5 Basic Lessons You’ll Learn During CDL Training

You'll learn a lot during your time at truck driver training. Everything you're taught is crucial to your success as a professional driver, but some lessons stick in the minds of students more than others.

We asked some CDL training students what they learned during school that's stuck with them the most since hitting the road on their own. Here are the five things we heard most often...

1. Pre-trip inspections are really important.

"Learn pretrip, early and often." -- Ben

Performing a pre-trip inspection before you leave on a trip can make or break your experience as a professional truck driver. If you don't perform one before every single load, you put not only yourself in danger, but everyone else on the road.

The point of a pre-trip is to check to make sure your vehicle is in proper working condition. Failure to do a PTI at the beginning of every load can lead to accidents and legal incidents on the road. It's worth noting that a failure to perform a pre-trip can lead to points on your BASIC and thus, points on your carrier's score and the potential for termination (they won't be too happy if you screw up their safety rating).

So as you can see, pre-trip inspections are a big deal. They prevent the loss of equipment and lives, one of which could be your own.

2. Watch your speed.

"Watch your speed. Take the space you need; they'll move." -- Edward

You're driving an 80,000 pound chunk of steel down the road. It's important to maintain a safe speed, not only for your safety, but others as well. Imagine you're flying down a city road faster than you should be and a car in front of you slams on its brakes. You probably wouldn't be able to stop 40 tons in an instant, right? This is why it's so important to maintain a safe, consistent speed and space cushion. Plus, you never know what other inconsiderate drivers will do. Remember -- you're the professional. Drive like one.

3. Be prepared for any situation.

"Always have an out." -- Frank

Always having an out means always being one step ahead of the game. In trucking, you'll need to play every possible scenario through your head and figure out a way to get out of it should it happen.

For example, debris up the road are blocking your lane. You don't have time to switch into the left lane, so you'd want to make sure there was somewhere to zip to quickly in the shoulder to avoid the obstacle.

Trucking is largely dependent on perception. You need to make sure you're paying very close attention to the road conditions and other drivers' behavior, because they sure won't!

4. Don't be afraid to GOAL.

"Get out and look. It's saved me several times!" --Rory

GOAL is something that students hear from day one of CDL training. If you're having trouble backing up to a dock, don't be afraid to get out and look! Do not ever feel like you're "too experienced" to get out and look when backing. This is where you'll fail, because the minute you think you have nothing more to learn is the minute you should quit trucking. Getting out and looking will prevent you from hitting another truck, the dock, your trailer, scraping a mirror, or hitting a person/vehicle behind you.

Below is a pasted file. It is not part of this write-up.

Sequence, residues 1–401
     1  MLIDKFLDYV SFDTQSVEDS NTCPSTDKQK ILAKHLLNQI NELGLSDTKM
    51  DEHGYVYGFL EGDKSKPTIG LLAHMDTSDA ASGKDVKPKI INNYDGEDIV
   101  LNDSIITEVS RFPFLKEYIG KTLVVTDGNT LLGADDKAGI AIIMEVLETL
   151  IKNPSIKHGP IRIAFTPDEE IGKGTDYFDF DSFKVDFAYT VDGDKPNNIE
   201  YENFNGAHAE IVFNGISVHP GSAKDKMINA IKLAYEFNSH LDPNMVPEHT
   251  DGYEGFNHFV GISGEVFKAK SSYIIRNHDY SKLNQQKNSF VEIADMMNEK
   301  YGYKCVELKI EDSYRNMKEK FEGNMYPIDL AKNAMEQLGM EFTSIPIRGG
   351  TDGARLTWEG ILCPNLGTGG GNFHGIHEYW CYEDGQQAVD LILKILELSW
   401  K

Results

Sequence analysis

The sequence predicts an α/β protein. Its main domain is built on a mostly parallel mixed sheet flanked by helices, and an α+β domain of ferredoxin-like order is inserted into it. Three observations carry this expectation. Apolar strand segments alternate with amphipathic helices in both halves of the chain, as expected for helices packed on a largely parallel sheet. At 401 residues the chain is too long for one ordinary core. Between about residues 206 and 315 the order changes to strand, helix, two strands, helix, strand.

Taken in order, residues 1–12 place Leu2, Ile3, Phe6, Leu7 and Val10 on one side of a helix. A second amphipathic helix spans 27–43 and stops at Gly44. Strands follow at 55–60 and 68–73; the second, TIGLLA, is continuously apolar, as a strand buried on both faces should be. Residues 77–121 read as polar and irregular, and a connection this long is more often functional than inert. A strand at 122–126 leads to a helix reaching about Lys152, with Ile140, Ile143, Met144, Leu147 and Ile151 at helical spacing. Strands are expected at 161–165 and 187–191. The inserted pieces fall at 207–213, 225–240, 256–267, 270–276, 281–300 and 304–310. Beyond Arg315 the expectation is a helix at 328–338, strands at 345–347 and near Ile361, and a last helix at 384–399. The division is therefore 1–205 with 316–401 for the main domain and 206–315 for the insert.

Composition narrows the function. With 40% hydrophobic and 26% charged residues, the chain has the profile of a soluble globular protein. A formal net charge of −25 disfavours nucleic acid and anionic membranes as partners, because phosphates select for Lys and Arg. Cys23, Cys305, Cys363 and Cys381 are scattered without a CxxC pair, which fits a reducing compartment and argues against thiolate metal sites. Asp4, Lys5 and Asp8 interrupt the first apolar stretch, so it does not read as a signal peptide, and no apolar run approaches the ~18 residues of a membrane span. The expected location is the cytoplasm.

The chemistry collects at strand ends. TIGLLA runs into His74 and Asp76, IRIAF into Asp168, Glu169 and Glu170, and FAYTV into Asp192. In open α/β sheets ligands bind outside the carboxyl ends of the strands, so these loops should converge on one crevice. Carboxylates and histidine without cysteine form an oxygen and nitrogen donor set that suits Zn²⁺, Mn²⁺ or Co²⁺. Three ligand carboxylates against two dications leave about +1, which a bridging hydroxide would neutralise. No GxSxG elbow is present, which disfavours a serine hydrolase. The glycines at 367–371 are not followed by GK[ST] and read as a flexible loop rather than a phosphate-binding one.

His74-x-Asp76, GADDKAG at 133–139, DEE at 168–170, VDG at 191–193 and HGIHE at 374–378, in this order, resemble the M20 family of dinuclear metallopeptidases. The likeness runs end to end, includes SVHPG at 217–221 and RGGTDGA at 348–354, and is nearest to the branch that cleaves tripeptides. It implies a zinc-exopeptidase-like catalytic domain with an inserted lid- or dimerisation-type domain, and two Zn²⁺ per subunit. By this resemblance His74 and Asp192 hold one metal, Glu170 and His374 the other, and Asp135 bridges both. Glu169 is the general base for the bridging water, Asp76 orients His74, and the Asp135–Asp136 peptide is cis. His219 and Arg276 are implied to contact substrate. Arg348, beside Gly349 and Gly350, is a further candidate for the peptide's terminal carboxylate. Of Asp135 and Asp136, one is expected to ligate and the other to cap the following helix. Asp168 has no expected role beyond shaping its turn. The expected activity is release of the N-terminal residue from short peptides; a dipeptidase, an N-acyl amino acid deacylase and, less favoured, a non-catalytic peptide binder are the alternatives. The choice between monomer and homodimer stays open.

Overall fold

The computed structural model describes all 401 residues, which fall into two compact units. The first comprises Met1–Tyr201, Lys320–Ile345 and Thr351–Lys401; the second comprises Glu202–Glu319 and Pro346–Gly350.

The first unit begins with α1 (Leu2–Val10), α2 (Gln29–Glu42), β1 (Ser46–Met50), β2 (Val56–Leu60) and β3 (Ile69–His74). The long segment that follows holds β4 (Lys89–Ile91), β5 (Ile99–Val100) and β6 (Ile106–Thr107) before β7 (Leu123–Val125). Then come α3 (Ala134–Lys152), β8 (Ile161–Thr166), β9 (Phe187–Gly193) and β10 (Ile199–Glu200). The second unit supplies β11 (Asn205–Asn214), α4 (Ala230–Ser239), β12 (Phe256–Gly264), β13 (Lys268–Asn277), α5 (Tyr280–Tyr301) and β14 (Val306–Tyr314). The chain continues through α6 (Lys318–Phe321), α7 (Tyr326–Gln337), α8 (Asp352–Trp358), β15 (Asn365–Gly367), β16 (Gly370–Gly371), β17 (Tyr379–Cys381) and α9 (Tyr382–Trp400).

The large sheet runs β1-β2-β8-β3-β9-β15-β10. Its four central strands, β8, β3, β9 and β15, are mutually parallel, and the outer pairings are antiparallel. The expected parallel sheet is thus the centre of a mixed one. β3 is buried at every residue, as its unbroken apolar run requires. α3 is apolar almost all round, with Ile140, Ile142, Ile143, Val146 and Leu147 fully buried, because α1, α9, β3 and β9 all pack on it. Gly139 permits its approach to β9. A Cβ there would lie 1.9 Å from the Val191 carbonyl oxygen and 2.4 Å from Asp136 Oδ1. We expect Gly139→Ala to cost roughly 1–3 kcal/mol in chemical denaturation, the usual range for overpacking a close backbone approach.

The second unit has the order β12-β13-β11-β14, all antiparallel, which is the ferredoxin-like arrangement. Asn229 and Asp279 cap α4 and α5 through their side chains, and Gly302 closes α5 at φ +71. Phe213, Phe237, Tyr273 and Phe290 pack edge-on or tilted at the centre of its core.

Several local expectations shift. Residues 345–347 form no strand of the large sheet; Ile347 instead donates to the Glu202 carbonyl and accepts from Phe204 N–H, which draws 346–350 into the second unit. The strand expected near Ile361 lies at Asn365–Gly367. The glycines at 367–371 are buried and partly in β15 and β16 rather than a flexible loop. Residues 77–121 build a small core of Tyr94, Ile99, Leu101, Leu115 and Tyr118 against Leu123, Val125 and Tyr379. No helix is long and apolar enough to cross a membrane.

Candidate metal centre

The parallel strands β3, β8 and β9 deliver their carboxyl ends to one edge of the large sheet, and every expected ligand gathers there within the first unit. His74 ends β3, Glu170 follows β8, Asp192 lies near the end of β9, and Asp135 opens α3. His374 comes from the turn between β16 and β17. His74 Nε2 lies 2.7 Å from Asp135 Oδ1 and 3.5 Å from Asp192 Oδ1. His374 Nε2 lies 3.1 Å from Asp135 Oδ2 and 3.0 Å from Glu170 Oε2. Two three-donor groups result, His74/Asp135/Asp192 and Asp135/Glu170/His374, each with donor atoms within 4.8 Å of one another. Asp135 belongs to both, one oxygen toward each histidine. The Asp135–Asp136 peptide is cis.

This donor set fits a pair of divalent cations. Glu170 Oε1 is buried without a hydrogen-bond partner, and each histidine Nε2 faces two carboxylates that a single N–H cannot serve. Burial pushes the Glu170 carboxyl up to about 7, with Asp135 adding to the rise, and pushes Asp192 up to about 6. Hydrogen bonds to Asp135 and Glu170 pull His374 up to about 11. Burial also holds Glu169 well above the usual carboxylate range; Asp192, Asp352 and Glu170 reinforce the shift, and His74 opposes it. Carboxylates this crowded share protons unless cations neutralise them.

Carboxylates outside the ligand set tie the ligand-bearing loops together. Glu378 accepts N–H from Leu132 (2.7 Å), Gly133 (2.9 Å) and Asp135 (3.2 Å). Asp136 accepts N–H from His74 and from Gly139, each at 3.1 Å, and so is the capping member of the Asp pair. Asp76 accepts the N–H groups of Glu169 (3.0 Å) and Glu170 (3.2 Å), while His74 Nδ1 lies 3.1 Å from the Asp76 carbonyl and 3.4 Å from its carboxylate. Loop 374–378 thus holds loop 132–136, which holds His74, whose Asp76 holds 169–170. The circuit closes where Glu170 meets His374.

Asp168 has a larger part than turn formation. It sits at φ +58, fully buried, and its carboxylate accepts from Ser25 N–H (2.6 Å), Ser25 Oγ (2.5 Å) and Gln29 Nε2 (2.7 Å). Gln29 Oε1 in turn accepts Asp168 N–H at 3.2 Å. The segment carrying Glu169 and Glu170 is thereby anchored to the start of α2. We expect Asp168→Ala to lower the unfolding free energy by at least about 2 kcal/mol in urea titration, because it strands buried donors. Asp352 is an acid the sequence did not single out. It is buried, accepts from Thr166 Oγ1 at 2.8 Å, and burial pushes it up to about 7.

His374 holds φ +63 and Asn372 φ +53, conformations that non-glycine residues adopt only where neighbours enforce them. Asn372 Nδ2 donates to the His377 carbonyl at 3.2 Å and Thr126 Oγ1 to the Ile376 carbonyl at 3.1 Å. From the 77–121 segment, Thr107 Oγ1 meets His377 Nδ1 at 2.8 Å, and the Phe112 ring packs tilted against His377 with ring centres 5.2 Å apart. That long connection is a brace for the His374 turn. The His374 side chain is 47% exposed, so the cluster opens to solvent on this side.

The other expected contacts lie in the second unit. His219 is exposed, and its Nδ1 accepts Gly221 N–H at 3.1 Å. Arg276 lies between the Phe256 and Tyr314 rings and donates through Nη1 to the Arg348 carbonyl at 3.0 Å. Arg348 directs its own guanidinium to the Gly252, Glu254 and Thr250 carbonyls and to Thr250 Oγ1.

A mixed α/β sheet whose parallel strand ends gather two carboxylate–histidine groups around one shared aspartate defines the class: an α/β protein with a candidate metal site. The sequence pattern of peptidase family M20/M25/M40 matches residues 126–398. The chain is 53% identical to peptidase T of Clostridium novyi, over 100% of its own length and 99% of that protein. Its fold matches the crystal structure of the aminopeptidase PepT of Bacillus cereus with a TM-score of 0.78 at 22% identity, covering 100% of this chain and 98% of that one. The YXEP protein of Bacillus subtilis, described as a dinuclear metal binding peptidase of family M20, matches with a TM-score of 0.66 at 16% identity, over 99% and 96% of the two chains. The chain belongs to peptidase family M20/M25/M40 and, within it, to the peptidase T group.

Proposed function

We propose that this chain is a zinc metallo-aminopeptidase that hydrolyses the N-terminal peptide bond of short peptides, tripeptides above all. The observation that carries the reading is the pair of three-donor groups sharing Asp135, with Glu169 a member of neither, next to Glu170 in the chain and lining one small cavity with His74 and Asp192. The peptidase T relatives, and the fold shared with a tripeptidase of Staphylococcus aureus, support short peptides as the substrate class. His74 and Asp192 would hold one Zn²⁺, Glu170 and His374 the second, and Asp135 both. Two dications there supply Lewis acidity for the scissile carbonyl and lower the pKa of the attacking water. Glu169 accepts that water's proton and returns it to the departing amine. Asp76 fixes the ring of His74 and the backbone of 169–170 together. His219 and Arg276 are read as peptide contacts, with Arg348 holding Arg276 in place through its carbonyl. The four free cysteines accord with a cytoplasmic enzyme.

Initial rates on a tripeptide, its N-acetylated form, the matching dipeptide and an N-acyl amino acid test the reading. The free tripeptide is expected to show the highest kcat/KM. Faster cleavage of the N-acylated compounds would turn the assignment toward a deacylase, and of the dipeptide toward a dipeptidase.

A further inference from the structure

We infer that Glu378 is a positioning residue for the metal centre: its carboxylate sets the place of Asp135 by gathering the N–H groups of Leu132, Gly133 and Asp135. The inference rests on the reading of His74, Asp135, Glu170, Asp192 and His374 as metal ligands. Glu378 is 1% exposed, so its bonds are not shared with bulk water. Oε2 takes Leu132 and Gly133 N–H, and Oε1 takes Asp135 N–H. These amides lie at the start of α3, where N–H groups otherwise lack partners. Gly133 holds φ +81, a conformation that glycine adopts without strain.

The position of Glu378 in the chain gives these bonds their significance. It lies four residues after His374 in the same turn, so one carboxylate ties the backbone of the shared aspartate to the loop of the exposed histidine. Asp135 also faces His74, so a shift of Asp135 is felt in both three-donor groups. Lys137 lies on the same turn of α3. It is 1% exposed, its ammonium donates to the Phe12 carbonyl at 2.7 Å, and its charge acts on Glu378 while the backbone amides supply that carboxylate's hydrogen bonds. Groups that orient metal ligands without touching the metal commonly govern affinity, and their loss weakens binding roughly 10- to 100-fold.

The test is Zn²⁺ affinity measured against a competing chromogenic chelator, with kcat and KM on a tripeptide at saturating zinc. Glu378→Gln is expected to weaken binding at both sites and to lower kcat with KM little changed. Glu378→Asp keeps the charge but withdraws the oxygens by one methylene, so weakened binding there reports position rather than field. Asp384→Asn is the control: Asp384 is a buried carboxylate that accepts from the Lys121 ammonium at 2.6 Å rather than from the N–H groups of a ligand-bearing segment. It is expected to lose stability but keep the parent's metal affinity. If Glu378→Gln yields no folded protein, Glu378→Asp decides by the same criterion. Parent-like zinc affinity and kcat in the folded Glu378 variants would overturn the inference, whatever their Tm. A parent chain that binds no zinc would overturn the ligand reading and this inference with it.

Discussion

Make getting out and looking a habit and you'll never have to worry about backing accidents.

5. Take your time and be patient.

"Take your time. It's better to arrive a few minutes late than arrive dead." -- Charlie

You're in a big truck. You're not going to move very fast. This is why it's important to slow down, take your time, and be patient. You're not going to be able to stop at the drop of a hat. Four wheelers will be annoying and cut you off. This is where that patience comes into play.

If you got mad every time a 4-wheeler did something stupid, truck driving would be 1,000 times more stressful. This means patience is important for your sanity as a truck driver. You're not in any hurry (or at least, you shouldn't be, assuming you left a reasonable amount of time before you are scheduled to deliver). Even so, like Charlie said, better to arrive a little late than arrive dead.

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As you can see, many things that you learn during CDL training will come into play in the professional world of trucking. It's important to take in everything that trucking school instructors throw at you, for they will all help to better your skills.

What lessons have stuck with you the most in your trucking career? Let us know in the comments below!

 

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